Legislature(1995 - 1996)
02/11/1995 10:02 AM STA
* first hearing in first committee of referral
= bill was previously heard/scheduled
= bill was previously heard/scheduled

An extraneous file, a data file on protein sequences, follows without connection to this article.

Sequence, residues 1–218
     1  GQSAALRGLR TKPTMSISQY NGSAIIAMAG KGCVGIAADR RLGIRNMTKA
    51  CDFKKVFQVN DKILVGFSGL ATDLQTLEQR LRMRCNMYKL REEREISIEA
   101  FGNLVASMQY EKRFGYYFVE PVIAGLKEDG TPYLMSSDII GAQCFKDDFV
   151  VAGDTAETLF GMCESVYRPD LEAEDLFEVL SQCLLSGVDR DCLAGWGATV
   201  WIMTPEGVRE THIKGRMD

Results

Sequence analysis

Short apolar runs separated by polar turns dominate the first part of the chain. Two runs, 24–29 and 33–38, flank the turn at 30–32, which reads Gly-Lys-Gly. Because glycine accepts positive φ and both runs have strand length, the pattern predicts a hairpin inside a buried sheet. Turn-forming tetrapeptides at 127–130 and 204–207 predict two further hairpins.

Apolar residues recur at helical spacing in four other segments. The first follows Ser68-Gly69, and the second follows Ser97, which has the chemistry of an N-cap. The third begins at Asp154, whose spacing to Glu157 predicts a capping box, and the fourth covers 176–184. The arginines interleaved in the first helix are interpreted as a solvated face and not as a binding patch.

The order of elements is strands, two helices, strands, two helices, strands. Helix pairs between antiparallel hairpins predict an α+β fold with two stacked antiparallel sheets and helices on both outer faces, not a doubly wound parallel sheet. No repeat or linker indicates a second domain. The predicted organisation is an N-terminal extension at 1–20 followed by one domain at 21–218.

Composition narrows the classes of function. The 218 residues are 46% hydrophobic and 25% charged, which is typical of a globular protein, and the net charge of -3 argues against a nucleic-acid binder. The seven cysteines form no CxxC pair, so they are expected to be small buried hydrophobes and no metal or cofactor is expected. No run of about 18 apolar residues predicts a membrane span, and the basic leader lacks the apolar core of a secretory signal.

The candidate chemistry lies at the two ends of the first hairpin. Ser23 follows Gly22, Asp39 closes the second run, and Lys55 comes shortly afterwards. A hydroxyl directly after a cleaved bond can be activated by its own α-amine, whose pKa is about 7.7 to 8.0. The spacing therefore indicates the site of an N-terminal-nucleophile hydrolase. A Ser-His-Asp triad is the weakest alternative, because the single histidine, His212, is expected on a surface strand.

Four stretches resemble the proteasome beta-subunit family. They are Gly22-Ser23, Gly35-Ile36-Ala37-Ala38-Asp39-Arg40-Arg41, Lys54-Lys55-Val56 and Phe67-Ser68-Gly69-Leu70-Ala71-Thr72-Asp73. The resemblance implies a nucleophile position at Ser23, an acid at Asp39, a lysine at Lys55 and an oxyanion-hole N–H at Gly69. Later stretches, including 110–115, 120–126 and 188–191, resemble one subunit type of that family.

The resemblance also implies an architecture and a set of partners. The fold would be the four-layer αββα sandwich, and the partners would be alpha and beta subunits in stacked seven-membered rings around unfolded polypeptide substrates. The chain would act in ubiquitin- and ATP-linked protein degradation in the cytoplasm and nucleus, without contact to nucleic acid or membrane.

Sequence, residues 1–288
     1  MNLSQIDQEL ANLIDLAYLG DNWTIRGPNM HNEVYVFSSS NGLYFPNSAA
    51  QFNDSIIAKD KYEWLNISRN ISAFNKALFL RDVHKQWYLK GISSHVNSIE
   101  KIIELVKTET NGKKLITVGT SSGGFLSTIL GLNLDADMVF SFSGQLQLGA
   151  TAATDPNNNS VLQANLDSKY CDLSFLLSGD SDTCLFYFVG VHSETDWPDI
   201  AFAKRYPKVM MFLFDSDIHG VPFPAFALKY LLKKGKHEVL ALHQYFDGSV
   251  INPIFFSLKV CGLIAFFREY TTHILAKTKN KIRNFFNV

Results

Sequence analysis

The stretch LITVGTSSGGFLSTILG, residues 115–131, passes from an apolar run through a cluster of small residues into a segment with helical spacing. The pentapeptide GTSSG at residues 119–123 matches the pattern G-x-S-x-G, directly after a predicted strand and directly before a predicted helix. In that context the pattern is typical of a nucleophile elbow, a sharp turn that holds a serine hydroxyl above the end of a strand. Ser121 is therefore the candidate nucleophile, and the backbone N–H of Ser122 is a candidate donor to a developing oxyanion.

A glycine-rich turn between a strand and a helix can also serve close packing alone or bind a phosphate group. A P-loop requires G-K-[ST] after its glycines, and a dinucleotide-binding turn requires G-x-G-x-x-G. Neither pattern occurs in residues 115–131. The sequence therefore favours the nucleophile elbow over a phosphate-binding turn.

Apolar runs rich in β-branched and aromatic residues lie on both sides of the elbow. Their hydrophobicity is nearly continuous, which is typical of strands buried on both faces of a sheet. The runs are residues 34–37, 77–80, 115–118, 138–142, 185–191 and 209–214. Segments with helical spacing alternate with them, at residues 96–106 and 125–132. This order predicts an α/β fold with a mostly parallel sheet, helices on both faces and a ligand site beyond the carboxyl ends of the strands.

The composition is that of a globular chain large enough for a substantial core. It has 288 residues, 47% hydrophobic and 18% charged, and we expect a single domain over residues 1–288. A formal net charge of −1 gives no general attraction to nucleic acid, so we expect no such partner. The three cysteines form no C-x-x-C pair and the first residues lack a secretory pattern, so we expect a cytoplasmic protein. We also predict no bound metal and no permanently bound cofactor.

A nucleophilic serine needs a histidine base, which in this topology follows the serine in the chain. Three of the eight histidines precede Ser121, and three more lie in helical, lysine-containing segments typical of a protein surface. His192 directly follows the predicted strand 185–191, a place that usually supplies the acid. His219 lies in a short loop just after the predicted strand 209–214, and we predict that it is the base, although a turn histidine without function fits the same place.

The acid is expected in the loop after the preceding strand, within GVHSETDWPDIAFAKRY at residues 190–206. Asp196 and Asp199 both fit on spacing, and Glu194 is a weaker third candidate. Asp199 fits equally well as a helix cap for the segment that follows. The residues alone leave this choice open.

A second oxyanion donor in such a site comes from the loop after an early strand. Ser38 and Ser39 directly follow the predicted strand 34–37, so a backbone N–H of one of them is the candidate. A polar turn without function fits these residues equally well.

HOUSE STATE AFFAIRS STANDING COMMITTEE February 11, 1995 10:02 a.m. MEMBERS PRESENT Representative Jeannette James, Chair Representative Scott Ogan, Vice-Chair Representative Joe Green Representative Ivan Ivan Representative Brian Porter Representative Caren Robinson Representative Ed Willis MEMBERS ABSENT None COMMITTEE CALENDAR HJR 20:A Resolution relating to unfunded federal mandates and the Conference of the States. PASSED OUT OF COMMITTEE HB 132:"An Act repealing the ability of persons seeking an elective state executive office or a state or a state or national legislative office to petition for inclusion of their names on the state general election ballot; requiring candidates of all political groups for a state or national legislative office to compete at the state primary election for the placement on the general election ballot of the name of the one candidate from each political group that receives the greatest number of votes cast; and requiring candidates of all political groups for state executive office to compete at the state primary election for the placement on the general election ballot of the name of the one candidate for governor from each political group that receives the greatest number of votes cast and the name of the one candidate for lieutenant governor from the same political group that receives the greatest number of votes cast." PASSED OUT OF COMMITTEE HSTA - 02/11/95 HB 44:"An Act providing that a political use is not an authorized use of charitable gaming proceeds; prohibiting the contribution of charitable gaming proceeds to candidates for certain public offices, their campaign organizations, or to political groups; providing that a political group is not a qualified organization for purposes of charitable gaming; relating to what is a qualified organization for the purpose of charitable gaming permitting; and providing for an effective date." SCHEDULED BUT NOT HEARD WITNESS REGISTER WAYNE MALONEY, Legislative Aide Representative Ramona Barnes Alaska State Legislature State Capitol, Room 403 Juneau, Alaska 99801 Telephone: 465-3438 POSITION STATEMENT: Supported HJR 20 REPRESENTATIVE JERRY MACKIE Alaska State Legislature State Capitol, Room 404 Juneau, Alaska 99801 Telephone: 465-4925 POSITION STATEMENT: Sponsored HB 132 DAVE KOIVUNIEMI, Acting Director Division of Elections 4th Floor Court Plaza Building Juneau,Alaska 99801 Telephone: 465-4611 POSITION STATEMENT: Provided information on HB 132 PREVIOUS ACTION BILL: HJR 20 SHORT TITLE: CONFERENCE OF THE STATES SPONSOR(S): REPRESENTATIVE(S) BARNES,Grussendorf,Foster,Mulder JRN-DATE JRN-PG ACTION 01/23/95 115 (H) READ THE FIRST TIME - REFERRAL(S) 01/23/95 115 (H) WTR, STA 01/31/95 (H) WTR AT 05:00 PM CAPITOL 408 01/31/95 (H) MINUTE(WTR) 02/01/95 195 (H) WTR RPT 6DP 02/01/95 195 (H) DP: PHILLIPS, WILLIAMS, KUBINA 02/01/95 195 (H) DP: G.DAVIS, MULDER, BARNES 02/01/95 195 (H) FISCAL NOTE (LAA) 2/1/95 02/01/95 195 (H) ZERO FISCAL NOTE (GOV) 2/1/95 02/07/95 (H) STA AT 08:00 AM CAPITOL 102 02/07/95 (H) MINUTE(STA) 02/09/95 (H) STA AT 08:00 AM CAPITOL 102 02/11/95 (H) STA AT 10:00 AM CAPITOL 102 BILL: HB 132 SHORT TITLE: CANDIDATES FOR STATEWIDE BALLOT SPONSOR(S): REPRESENTATIVE(S) MACKIE,Phillips JRN-DATE JRN-PG ACTION 01/27/95 157 (H) READ THE FIRST TIME - REFERRAL(S) 01/27/95 158 (H) STATE AFFAIRS, FINANCE 02/09/95 (H) STA AT 08:00 AM CAPITOL 102 02/11/95 (H) STA AT 10:00 AM CAPITOL 102 BILL: HB 44 SHORT TITLE: GAMING PROCEEDS/DEFINE CHARITABLE ORG'NS SPONSOR(S): REPRESENTATIVE(S) MARTIN,Rokeberg,Porter,Bunde,Green JRN-DATE JRN-PG ACTION 01/06/95 32 (H) PREFILE RELEASED 01/16/95 32 (H) READ THE FIRST TIME - REFERRAL(S) 01/16/95 32 (H) STATE AFFAIRS, JUDICIARY 01/19/95 90 (H) COSPONSOR(S): BUNDE 01/26/95 (H) STA AT 08:00 AM CAPITOL 102 01/26/95 (H) MINUTE(STA) 02/07/95 (H) STA AT 08:00 AM CAPITOL 102 02/07/95 (H) MINUTE(STA) 02/09/95 (H) STA AT 08:00 AM CAPITOL 102 02/10/95 321 (H) COSPONSOR(S): GREEN 02/11/95 (H) STA AT 10:00 AM CAPITOL 102 ACTION NARRATIVE TAPE 95-14, SIDE A Number 000 CHAIR JEANNETTE JAMES called the House State Affairs Committee meeting to order at 10:02 a.m. Members present at the call to order were Representatives James, Ogan, Green, Ivan, Porter Robinson and Willis. Chair James announced a quorum was present. HSTA - 02/11/95 HJR 20 - CONFERENCE OF THE STATES Number 015 WAYNE MALONEY, staff assistant to Representative Barnes, read the following statement regarding HJR 20: HJR 20 authorizes the State of Alaska to send an official delegation to a conference of the states to be held later this year or in 1996. The conference would be the first formal meeting of the 50 states since 1786. Delegates from all 50 states would debate and vote on an action plan designated to restore the checks and balances between the states and the federal government guaranteed by the Tenth Amendment to the Constitution. While this action plan would not be binding on the federal government, it would be impossible for Congress or the President to ignore. The conference would receive national and international media attention, and action taken would have to be considered by the federal government. The conference would occur no later than nine months after a total of 26 states pass resolutions like the one before you today. Seven states, including Kentucky, Utah, Arkansas, Delaware, Iowa, Missouri, and Virginia have already approved this resolution, and it is under consideration by most of the other states in the union this year. Under the terms of the resolution, the Governor and four lawmakers, two from each house, will be voting delegates on behalf of Alaska at this conference, and if each of the 50 states sends a delegation as expected there would be a total of 250 voting members. Congress would be encouraged to send people to the conference, but members of Congress would not be permitted to vote. This is a national initiative, being organized by the Council of State Governments in Cooperative with the National Conference of State Legislators and the National Governors' Association. It enjoys broad bipartisan support from both political parties and is also backed by the Knowles Administration here in this state. This resolution is an important step toward restoring the balances to government envisioned by the Tenth Amendment, and on behalf of Representative Barnes I would ask you to pass it from committee today. Number 070 REPRESENTATIVE JOE GREEN asked Mr. Maloney if he saw any conflict due to the many Tenth Amendment bills and resolutions that have been submitted, and whether he saw HJR 20 as a supplement to these. MR. MALONEY replied that the other bills assert the states' rights under the constitution, and that HJR 20 is a more "friendly" attempt to assert states' rights as well, under the convention format, which is a gathering of the states to discuss the pros and cons of an action plan designed to put the states on a more equal footing with the federal government in terms of policy. Number 105 REPRESENTATIVE GREEN stated that Representative Ogan's bill and those submitted by some others were tailored toward Tenth Amendment attitudes prevailing in some of the western states, and asked if HJR 20 would be a supplement to this, or an alternate course. MR. MALONEY replied that the convention would be an opportunity for all 50 states to get together "under extreme media attention" to debate the issue of states' rights under the Tenth Amendment. He added though resolutions are important, many states pass them every year; and this convention would focus media attention and public debate nationwide on the rights of the states. Number 146 REPRESENTATIVE GREEN voiced concern that joining with all 50 states would dissipate the energies and the force of the message given by just the western states. MR. MALONEY said he didn't see that happening, because the idea was not to thwart any other attempts but to formulate and present an action plan in a politically positive way. Number 185 CHAIR JAMES shared her concerns about HJR 20; the biggest one being that it looks like a "feel good" solution, a "media hype"; and though the convention is not designed to be a constitutional convention, she does not necessarily trust what would be done as a result of five designated representatives determining their own agenda when they get there, which might differ from what Alaska as a state might actually want. She also feared that delegates might return with a directive to petition for a constitutional amendment or a constitutional convention. The only difference she sees between HJR 20 and SJR 7 which was passed on the House floor the previous day, is that HJR 20 proposes a conference of states; the other one does not. The message has already been sent via SJR 7. She added that HJR 20 had a fiscal note of $11,000, and she suspects that is not adequate to cover the cost of sending five people to a convention of states. She summarized that HJR 20 seems like just a media exercise and she hesitates to think that any real solutions will come out of it, but that if it does pass she will give her support to the delegates. Number 317 REPRESENTATIVE SCOTT OGAN said he holds the Constitution in high regard, and there is nothing wrong with it other than the fact that it is not being interpreted as our forefathers wrote it. He said he shares the concern that a convention of states could turn into a constitution convention or a preamble for one. Number 340 MR. MALONEY said his understanding is that the National Conference of State Legislators wanted the resolution passed in identical form by all 50 states; that the resolution could in no may be construed as a constitutional convention or lead to one, but rather it is a way to relieve pressure for a constitutional convention. He read from a handout from former Mayor Tom Fink: "The legislation that Congress is considering is a big step forward, but by itself it does not go far enough. The bills passed by the House and the Senate are quite limited. They only affect future legislation and leave all existing unfunded mandates in force. The bill will end up exempting some federal laws from the unfunded mandates prohibition." He added there is a $50 million cap in one version of the federal law, and a $100 million cap in the other version of the federal law, meaning unfunded federal mandates could continue to be passed as long as they were below that threshold, and unless states actively do something to take back the rights guaranteed by the Tenth Amendment they run a risk of losing the ability to exercise those rights at all. Number 378 CHAIR JAMES stated that she is a big supporter of process, because skipping over process leads to dictatorship, but she is concerned that doing away with every single phased-in unfunded mandate would cause total collapse. She wondered if the conference of states is asking for something that is impossible, and observed that it is a variance of process. She added that pushing an issue too far can cause a loss of all ground gained. Number 422 REPRESENTATIVE BRIAN PORTER asked what the plan or strategy is behind HJR 20 and where is it going. MR. MALONEY replied that page 8 of the document he distributed from The Council of State Governments outlines what may or may not be discussed at a conference of states; for example, strengthening the Tenth Amendment can be discussed, and he read, "A better strategy would be to focus on process amendments, the results of which would be much more predictable and would naturally bring about a better balance of the system over a number of years. A number of individuals and task forces have recommended, for example, adding a clause that would put the states on equal footing with Congress in proposing constitutional amendments. Another example....would give states the power to sunset any federal law.....Such a discussion would surely get the attention of Congress." He added that dialogue regarding various remedies is healthy, and nothing discussed at a conference of the states could be acted on without first coming to all participating states; everything would be just advisory. It would be the start of a national dialogue on the strength of the states. Number 462 REPRESENTATIVE PORTER asked if the plan would be a forum to identify ways to return power to the states through a less difficult process than the current method available to amend the constitution. MR. MALONEY replied that the agenda has not been set. REPRESENTATIVE PORTER observed that it takes a constitutional amendment to come up with a new way to amend the constitution. MR. MALONEY said this could be included in the action plan. Number 487 REPRESENTATIVE GREEN observed that this situation could become an "Alfonse-Gastone" problem where two baseball players each assumed the other would catch the fly ball and it dropped between them. He feared that if Alaska did not focus hard on one plan, the energies will be confused and the ball will be dropped. Number 508 REPRESENTATIVE CAREN ROBINSON noted that HJR 20 says 26 states would have to adopt the resolution, and asked if all 50 states would be invited. MR. MALONEY responded yes. REPRESENTATIVE ED WILLIS asked if delegates would bring recommendations back to individual states to be reviewed by each legislature. MR. MALONEY said this was correct. He referred to the flow chart in the committee packets which outlines the process and guarantees the process does not get out of hand. REPRESENTATIVE WILLIS requested this flow chart become part of the record. A summary of the process outlined in the flow chart follows: Step 1:Each state legislature adopts a Resolution of Participation. Each legislature appoints a bipartisan delegation of four legislators and the Governor to attend the Conference of the States. Step 2:When a significant majority of states have passed the Resolution of Participation, the Council of State Governments will convene bipartisan incorporators appointed by legislative leadership in the participating states. Step 3:The Conference of States is held. Solutions to restore balance are discussed, refined and voted upon. Step 4:The product of the Conference of States is a document, a new instrument in American democracy called a "States' Petition." The States' Petition constitutes the highest form of communication between the states and Congress. Step 5:The States' Petition is carried back by delegates to their respective state legislatures for approval. States' Petition items which involve constitutional amendments require approval of a constitutional majority of state legislators. Step 6:The States' Petition is presented to Congress. Ignoring a constitutional majority of states would signal an arrogance on the part of Congress - an arrogance the states and the American people would find intolerable. Number 588 CHAIR JAMES mentioned the power of the "group think" philosophy as a deterrent to true consensus, adding that she was concerned that the momentum of the National Conference of State Legislators could keep the single voice from being heard. Number 574 REPRESENTATIVE OGAN moved an amendment as outlined in 2 paragraphs on page 8 of an opinion from the Law Offices of Peter D. Lepiscopo, 2635 Camino Del Rio South, San Diego, California, 92108: RESOLVED that Alaska's participation in any conference of the states shall in no way be interpreted or construed to be consent by the state of Alaska to be an application to Congress under the amendment procedure set forth in Article V of the Constitution of the United States. BE IT FURTHER RESOLVED that Alaska's participation in any Conference of the States shall in no way be interpreted or construed to be for the purpose of amending or proposing amendments to the Constitution of the United States. REPRESENTATIVE PORTER asked if the second paragraph would be a total annihilation of the purpose of the conference. CHAIR JAMES said she thought the conference was supposed to deal only with the Tenth Amendment and not constitutional amendments. MR. MALONEY said he thought it was appropriate to allow the delegates to discuss whatever they wished to discuss, and that everything discussed would be brought back to the states. He added there are a great number of checks and balances in the process. REPRESENTATIVE PORTER said the first paragraph is an appropriate safeguard, but the second one is over-reaching by not allowing discussion of constitutional amendments by legitimate process which would gage the feelings of all the states. REPRESENTATIVE OGAN said if there is a consensus, he would withdraw the second paragraph from his amendment. REPRESENTATIVE ROBINSON suggested splitting the question. REPRESENTATIVE WILLIS said he shared concerns about getting into a constitutional convention, but his fears were allayed by Mr. Maloney's flow chart. Number 642 REPRESENTATIVE IVAN asked, once the convention starts, can the process be stopped by an individual state's not ratifying the recommendations and not participating in the action plan. REPRESENTATIVE JAMES said yes, and that she would feel better if the process were actually outlined in the resolution. She wanted to ensure that the majority rules and the minority is heard. Number 680 MR. MALONEY replied that even if all 50 states voted to ratify the action plan, it would still be only advisory to Congress. If only two states ratified it, Congress would still hear the plan. In either case, Congress would not be compelled to act. CHAIR JAMES said "we the people" can always petition to amend the constitution, and that is an action requiring a response from Congress. Number 688 REPRESENTATIVE GREEN said he still had the concern that, for example, 26 states meet and agree to something different from what Alaska and other individual states have already sent to Congress. He asked if this would then send a confusing message. CHAIR JAMES said there is no answer to this, and she would like to vote on the amendment. Tape 95-14, SIDE B Number 000 REPRESENTATIVE PORTER moved to divide the question. There were no objections. CHAIR JAMES asked if there were any objections to the first paragraph. REPRESENTATIVE WILLIS objected to including either paragraph because there are enough safeguards without them. CHAIR JAMES called for the vote. On the first paragraph of the amendment, Representatives James, Ogan, Green, Ivan, Porter, and Robinson voted yes. Representative Willis voted no. So the amendment passed. CHAIR JAMES called for a vote on the second paragraph. Representatives James, Ogan, Green, and Ivan voted yes. Representatives Porter, Robinson, and Willis voted no. So the amendment passed. Number 063 REPRESENTATIVE ROBINSON noted that HJR 20 does not have a Finance Committee referral, but that it does have a fiscal note, and she asked what is the procedure. REPRESENTATIVE PORTER replied that if a bill picks up a fiscal note during the process, it would receive a Finance Committee referral, so HJR 20 should get an additional referral to the Finance Committee. REPRESENTATIVE ROBINSON said she thought Chair James should talk to the Speaker and be sure this happens. REPRESENTATIVE OGAN moved that HJR 20 be passed from committee, as amended, with attached fiscal note and individual recommendations. CHAIR JAMES questioned why the $11,000 fiscal note was so low, and said she assumed additional funds would come out of the Governor's operating budget to send delegates to the convention. REPRESENTATIVE GREEN agreed it was too low. REPRESENTATIVE ROBINSON said it would probably cost more like $5,000 for each delegate. Number 136 REPRESENTATIVE PORTER said the motion could include a "friendly amendment" to include a committee memorandum outlining concerns over the fact the fiscal note is probably not sufficient, and also recommending a Finance Committee referral. REPRESENTATIVE OGAN agreed to include this as part of his motion. Number 160 CHAIR JAMES restated the motion: The motion was "to move HJR 20 out of committee as amended, with individual recommendations, attached fiscal note, and with the recommendation of this committee that the fiscal note be scrutinized for its sufficiency and that HJR 20 be given a Finance Committee referral." Hearing no objection, the bill passed out of committee. She called for a short break. Number 177 CHAIR JAMES complimented the committee for having everyone in attendance on such a sunny day. HSTA - 02/11/95 HB 132 - CANDIDATES FOR STATEWIDE BALLOT Number 190 REPRESENTATIVE JERRY MACKIE, sponsor of House Bill 132, read his sponsor statement: I introduced HB 132 to bring parity to the state's election process. The principle provision of the bill is the requirement that all candidates for state elective office must enter the primary election contest. Currently, any Alaskan citizen eligible for elective office may bypass the state's primary election and be placed directly on the general election ballot by a nominating petition. In my view, this causes two inequities. First, the voters are denied full knowledge at the onset of all contestants seeking election to a particular office. Voter access to financial disclosure information of petition candidates is delayed until just two months before the general election. Furthermore, voter exposure to petition candidates' views and positions on issues of public interest is many times limited and compressed. The second inequity is that the petition process provides a short cut avenue to the general election ballot. It thus acts as an incentive for citizens to get directly on the general election ballot, because it saves money and the campaign scrutiny by the electorate is short. While independent candidates have occasionally won elective office, they more often act as spoilers to the competition between primary election winners. In effect then, the two ballot, primary-general election system, designed to winnow the many candidates down to contests between the few, is subverted. The infusion of petition candidates onto the general election ballot can make it an election system of few primary contests transcending into contests among the many in the general election. HB 132 would place all candidates before the electorate on an equal footing. This is accomplished by requiring all candidates to be in the primary election. Just as the top vote getter of each political group will move on to the general election ballot, so too will the top vote getter among all independent candidates for a particular elective office. In this manner, the electorate will have an equal opportunity to view and assess all candidates for an elective office. And each candidate will be equally challenged by the election process. He continued that he was inspired to file this bill, not by any personalities or individuals, but because of complaints that allowing candidates to enter the election after the primary doesn't give voters a chance to get familiar with the candidates, their Alaska Public Offices Commission (APOC) reports, or their campaign fund sources, and that it is confusing to the voters because they don't see their candidate's name on the ballot in the primary. He filed the bill with public interest, not political fallout, in mind. The Speaker of the House is the bill's co-sponsor, which gives it a nonpartisan approach. Number 272 REPRESENTATIVE PORTER offered a scenario with a primary ballot containing two Republicans, two Democrats, one Independent Republican, two Independent Democrats, one Green, and one AIP. He asked if, after the primary, the general election ballot would contain one Republican, one Democrat, the one Independent Republican who was unopposed, one Independent Democrat, one Green, and one AIP. REPRESENTATIVE MACKIE replied that would be correct, and that is possible right now. The only changes HB 132 would make is in not allowing a candidate to bypass the primary and requiring all candidates to file by June 1. He said he has no desire to restrict anyone's ability to run for office under any party name as long as they get enough petition signatures, nor does he want to rewrite election laws. His aim is to create a level playing field. Number 333 CHAIR JAMES pointed out that some candidates do not designate a party and instead run as a "small" i (for independent). If several candidates do this, she asked if then only one would advance to the general election. REPRESENTATIVE MACKIE replied this was correct. CHAIR JAMES said this means that by not choosing a party, candidates have, by default, chosen a "small" i designation, which is a very popular choice, and she feared this would discourage independent candidates from choosing to run as a "small" i so they could run unopposed. She stated she really supports this bill, but wants to be sure they aren't eliminating potential candidates. REPRESENTATIVE MACKIE clarified that the purpose of a primary election is to narrow the scope. Under HB 132, all candidates filing for office will be told by the Division of Elections that if they don't declare a party it is possible they will be opposed in the primary by other undeclared candidates. Number 400 CHAIR JAMES noted that she has always been politically active and recognizes the importance of affiliating with a party in order to get the grassroots support, and the prime purpose of a primary is for parties to select the candidates they want to support. REPRESENTATIVE MACKIE stated that his bill doesn't change this, it only changes the filing deadline to June 1 instead of August 1 for all candidates. Number 442 REPRESENTATIVE GREEN observed this bill puts all potential nonrecognized parties on the same playing field with the recognized parties and keeps candidates from getting "blind sided" after the primary because all candidates are known early on. He supports the bill. Number 458 REPRESENTATIVE PORTER stated he supports the bill, and asked if a closed primary would preclude the ability to pass a statute that any candidate receiving 51 percent in the primary would be declared the winner. REPRESENTATIVE ROBINSON cautioned that the primary often draws a small number of voters, and that would make it possible for a candidate to get 51 percent of the vote with only one-quarter of the voters. Number 482 REPRESENTATIVE MACKIE agreed, adding that often in a primary election, only 18-20 percent of registered voters vote, especially in rural areas where people are fishing in the summer. He would be afraid of having the election outcome decided by 51 percent of 18 percent, essentially 9 percent of the registered voters. REPRESENTATIVE PORTER theorized that the lack of interest in the primary is because it doesn't affect the selection process very much, and if voters had to consider all primary candidates seriously, the turnout would be higher and more people would vote absentee. REPRESENTATIVE MACKIE observed that, more than in any other state, Alaskans vote for the individual, and statistics show that if someone votes for a candidate in the primary, he or she will support that same candidate in the general election. The closed Republican primary can put Republican candidates at a disadvantage if they have a low number of votes in the primary. Number 530 REPRESENTATIVE ROBINSON said she would like to see everyone file in August so the whole process would be shortened, in some future bill. CHAIR JAMES agreed that the process is too long and too expensive, and suggested one general election with a run-off as opposed to a primary and a general election. Number 543 DAVID KOIVUNIEMI, acting Director, Division of Elections, responded to Representative Porter's question by stating that the constitution requires the Governor and Lt. Governor to be elected at a general election, even if they got 51 percent of the votes in the primary, and that maybe it would only require a change in the names of the election. For the record, he stated that the Division of Elections has a neutral position on HB 132, and that it would have no fiscal impact. He pointed out that the bill could create some interesting combinations during the general election, for example a candidate for Governor who did not designate a political party could be teamed with a candidate for Lt. Governor who also did not designate a party, but the two could be philosophically and politically opposite. But he stated that is their choice, and they could avoid it by designating a political group. Number 578 REPRESENTATIVE WILLIS said he's gone through the process twice as an Independent, and it is not easy. He said he did not want to sound self-serving, but he asked Dave to explain the process of what this bill would require of someone wanting to run as an Independent. MR. KOIVUNIEMI answered that he would have to do exactly the same thing as he currently does, though the filing deadline would change from August 1 to June 1. He would still have to get signatures on his petition from one percent of the registered voters who voted in the last election, but he would appear on the ballot twice, in the primary and the general elections. REPRESENTATIVE WILLIS stated that it would make it easier if he were required to be on the primary ballot, because people get confused when they think he is running, but don't see his name on the primary ballot. Number 615 REPRESENTATIVE MACKIE reiterated that the only difference for an Independent candidate would be the filing deadline of June 1 and the appearance on two ballots instead of one, and all candidates would fall under the same APOC reporting requirements which serves the best interest of the public. MR. KOIVUNIEMI said this is true for all legislative candidates, but candidates for Governor and Lt. Governor each would have to file a petition. Currently the Governor just designates a Lt. Governor on the same petition, and this is deleted by HB 132, so instead of 2,167 signatures on one petition they would have to get that number on two petitions. REPRESENTATIVE MACKIE said he believes this is good because each candidate should have to be dedicated enough to get these signatures. Number 659 REPRESENTATIVE WILLIS asked for an explanation of how the different parties are categorized, and asked if all unrecognized parties would be put under the banner of Independents. REPRESENTATIVE MACKIE replied no, that only those parties with the exact same names would be lumped together. This is the same as current law. Number 675 REPRESENTATIVE ROBINSON noted that although there is a zero fiscal note the bill has a Finance Committee referral. REPRESENTATIVE MACKIE said the bill has an automatic Finance Committee referral and will have to go there since the bill creates a major policy change and needs to be scrutinized by the Finance Committee. REPRESENTATIVE ROBINSON moved that HB 132 be moved out of committee with individual recommendations and a zero fiscal note. Hearing no objection, the motion passed. CHAIR JAMES announced the next meeting would be a joint confirmation hearing Tuesday at 8:00 a.m. with Senate State Affairs in the House Finance Committee room. Number 700 CHAIR JAMES adjourned the meeting at 11:45 p.m.